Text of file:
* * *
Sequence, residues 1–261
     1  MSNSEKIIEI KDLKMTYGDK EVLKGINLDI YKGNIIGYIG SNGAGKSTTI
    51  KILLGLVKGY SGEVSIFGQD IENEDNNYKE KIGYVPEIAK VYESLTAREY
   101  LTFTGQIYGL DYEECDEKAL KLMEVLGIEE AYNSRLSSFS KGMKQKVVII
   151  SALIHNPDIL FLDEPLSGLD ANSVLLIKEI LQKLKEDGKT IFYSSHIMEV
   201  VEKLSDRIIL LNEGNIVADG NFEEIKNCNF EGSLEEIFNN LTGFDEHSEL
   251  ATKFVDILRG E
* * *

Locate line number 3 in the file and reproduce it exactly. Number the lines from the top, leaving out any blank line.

    51  KILLGLVKGY SGEVSIFGQD IENEDNNYKE KIGYVPEIAK VYESLTAREY